Danger Ace wrote:
Roddenberry villified NBC who in reality were more than fair to him by allowing him to make two pilots when the norm was one. They gave him three seasons despite poor ratings (wherein he abandoned ship, thereby, sabotaging the third season). He was routinely dishonorable in his dealings with others (under a variety of circumstances). So then the question becomes to what extent does the "good" outweigh or overshadow the "bad" (or vice-a-versa")? Where does one balance excusing GR's negatives while praising his positives?
So what? The first pilot was still better and Roddenberry was rightly pissed off that he had to Western-ify his Star Trek. When it comes to creative people vs. the studio I don't have to think twice about whom I side with and I certainly don't pretend that being a stubborn egomaniac (instead of a studio whore) is bad when you try to bring your vision onto the small or big screen.
Balance? When people use words like dishonorable, villify and sabotage and then talk about balance they are just bullshitting. If you don't like the guy (based on what others said about him) don't beat around the bush and just say it.
Thankfully I don't care one iota about what kind of a person he was. I care about his work.
The "two pilots was unheard of at the time..." has always been GR BS. BOTH "Gilligan's Island" and "Lost In Space" got second pilot attempts before they finally aired.
GR also likes to claim he was the one who tried to make the cast "more inter-racial" for the second pilot, when in fact it was a general directive memo from NBC corporate that had more to do with it (based on marketing studies by advertisers at the time.) Also, Star Trek was NOT the first show to showcase inter-racial characters on NBC (or TV in general); as "I Spy" was doing it a full year/TV season before "Star Trek" aired. I have a feeling, had that memo not been circulated, we'd have had another WASP/Forbidden Planet-esque style, nearly Arian crew make up.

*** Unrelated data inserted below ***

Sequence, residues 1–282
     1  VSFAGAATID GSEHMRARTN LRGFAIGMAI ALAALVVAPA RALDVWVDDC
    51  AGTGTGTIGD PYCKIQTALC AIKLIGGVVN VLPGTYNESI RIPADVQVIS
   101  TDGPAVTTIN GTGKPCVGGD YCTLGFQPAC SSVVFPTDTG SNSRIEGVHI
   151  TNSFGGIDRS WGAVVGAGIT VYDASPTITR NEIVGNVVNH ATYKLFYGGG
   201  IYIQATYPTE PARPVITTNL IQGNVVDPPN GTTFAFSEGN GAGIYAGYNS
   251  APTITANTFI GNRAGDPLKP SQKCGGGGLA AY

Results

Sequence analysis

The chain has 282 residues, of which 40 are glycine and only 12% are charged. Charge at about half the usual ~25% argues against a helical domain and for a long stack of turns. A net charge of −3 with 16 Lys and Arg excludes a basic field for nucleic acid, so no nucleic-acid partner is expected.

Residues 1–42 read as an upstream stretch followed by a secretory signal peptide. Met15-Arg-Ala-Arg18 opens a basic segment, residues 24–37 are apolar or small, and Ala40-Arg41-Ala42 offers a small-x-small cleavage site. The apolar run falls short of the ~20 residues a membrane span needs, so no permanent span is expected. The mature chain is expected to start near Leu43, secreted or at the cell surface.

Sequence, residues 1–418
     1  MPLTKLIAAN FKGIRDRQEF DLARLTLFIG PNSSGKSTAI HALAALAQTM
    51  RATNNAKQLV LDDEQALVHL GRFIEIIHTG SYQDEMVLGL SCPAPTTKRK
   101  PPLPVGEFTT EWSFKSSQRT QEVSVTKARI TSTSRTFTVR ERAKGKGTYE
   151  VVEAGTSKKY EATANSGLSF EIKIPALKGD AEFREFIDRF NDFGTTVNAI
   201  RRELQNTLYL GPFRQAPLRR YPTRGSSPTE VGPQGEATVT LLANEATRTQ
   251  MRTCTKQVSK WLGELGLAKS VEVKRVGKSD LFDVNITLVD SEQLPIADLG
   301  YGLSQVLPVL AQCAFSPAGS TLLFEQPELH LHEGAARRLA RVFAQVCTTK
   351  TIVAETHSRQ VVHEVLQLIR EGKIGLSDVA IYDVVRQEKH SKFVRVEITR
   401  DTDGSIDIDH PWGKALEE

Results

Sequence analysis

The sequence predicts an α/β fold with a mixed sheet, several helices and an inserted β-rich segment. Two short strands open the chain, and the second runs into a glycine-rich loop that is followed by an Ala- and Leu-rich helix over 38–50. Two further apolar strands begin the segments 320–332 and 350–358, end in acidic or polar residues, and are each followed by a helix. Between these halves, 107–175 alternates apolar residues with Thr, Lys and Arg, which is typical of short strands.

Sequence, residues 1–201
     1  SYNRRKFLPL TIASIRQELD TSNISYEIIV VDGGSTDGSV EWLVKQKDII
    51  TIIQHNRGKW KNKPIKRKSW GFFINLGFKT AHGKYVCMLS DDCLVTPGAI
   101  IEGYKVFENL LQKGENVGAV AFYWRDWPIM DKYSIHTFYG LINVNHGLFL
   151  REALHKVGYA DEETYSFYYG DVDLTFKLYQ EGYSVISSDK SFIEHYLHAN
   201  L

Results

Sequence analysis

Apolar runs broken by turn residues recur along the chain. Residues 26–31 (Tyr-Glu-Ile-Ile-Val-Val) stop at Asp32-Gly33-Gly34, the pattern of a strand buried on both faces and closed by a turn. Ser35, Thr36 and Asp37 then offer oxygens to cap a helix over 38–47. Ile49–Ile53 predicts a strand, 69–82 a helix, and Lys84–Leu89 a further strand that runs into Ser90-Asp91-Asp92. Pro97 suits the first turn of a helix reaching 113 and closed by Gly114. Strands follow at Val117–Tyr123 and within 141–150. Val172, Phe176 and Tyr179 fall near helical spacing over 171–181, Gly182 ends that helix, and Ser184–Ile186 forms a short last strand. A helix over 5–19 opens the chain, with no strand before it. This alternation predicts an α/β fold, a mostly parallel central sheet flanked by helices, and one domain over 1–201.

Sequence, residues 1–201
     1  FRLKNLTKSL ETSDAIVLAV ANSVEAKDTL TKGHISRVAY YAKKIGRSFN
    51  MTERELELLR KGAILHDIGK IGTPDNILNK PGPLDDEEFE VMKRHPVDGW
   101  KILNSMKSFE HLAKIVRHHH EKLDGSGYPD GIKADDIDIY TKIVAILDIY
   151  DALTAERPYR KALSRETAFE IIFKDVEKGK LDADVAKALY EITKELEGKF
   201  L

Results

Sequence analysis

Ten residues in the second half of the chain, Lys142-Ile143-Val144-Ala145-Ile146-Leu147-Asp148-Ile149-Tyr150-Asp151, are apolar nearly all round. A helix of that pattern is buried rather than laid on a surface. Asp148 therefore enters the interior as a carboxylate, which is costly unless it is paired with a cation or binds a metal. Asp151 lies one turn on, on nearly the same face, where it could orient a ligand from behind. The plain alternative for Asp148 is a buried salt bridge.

NBC also had NO PROBLEM with a "woman as second in command" per se; and informed GR that he could indeed keep "Number One" female IF he re-cast the role (the Execs knew about his and Majel's relationship (and BTW GR was still married to his first wife while all this was occurring), and aside from the fact they indeed didn't believe she had the acting chops to carry a lead role; they were MORE concerned (given the projected cost per episode of the series) as to what happen if/when Majel and GR split up. They didn't want a situation where a lead was now the 'Ex' of the show's Executive Producer. GR of course decided to not recast and combine Number One with the Mr. Spock character.
Lastly, one of the main issues NBC had with the pilot WAS the cost (over 1 million dollars); and they were indeed concerned that Desilu couldn't/wouldn't be able to produce weekly episodes on a smaller budget; so one of the things the second pilot was - was a 'proof' to NBC that they could produce a workable/watchable and entertaining episode on what would amount to their smaller weekly budget.
So, in the end the MAJORITY of GR's claims about the 'evil NBC network' wanting to dumb down his 'vision' (tm) are mostly fantasy. The network was the one footing the bill for most of this; so they wanted to be sure they got what was promised. If NBC were that 'evil' per se, I doubt they would have shown as much interest in the series as they did (and they did lot to make it happen as well as what GR was responsible for.)
The interesting thing to me is that the second pilot honestly wasn't any more or less 'cerebral' per se. It still dealt with the human psyche and mental powers; and had about the same level of action -- Pike had the combat with the Kaylar, and Kirk the final hand to hand battle with gary Mitchell in the end (although I concede that the fact the fight came at the end was probably a more accepted plot structure in those days - and went over better with the Execs.)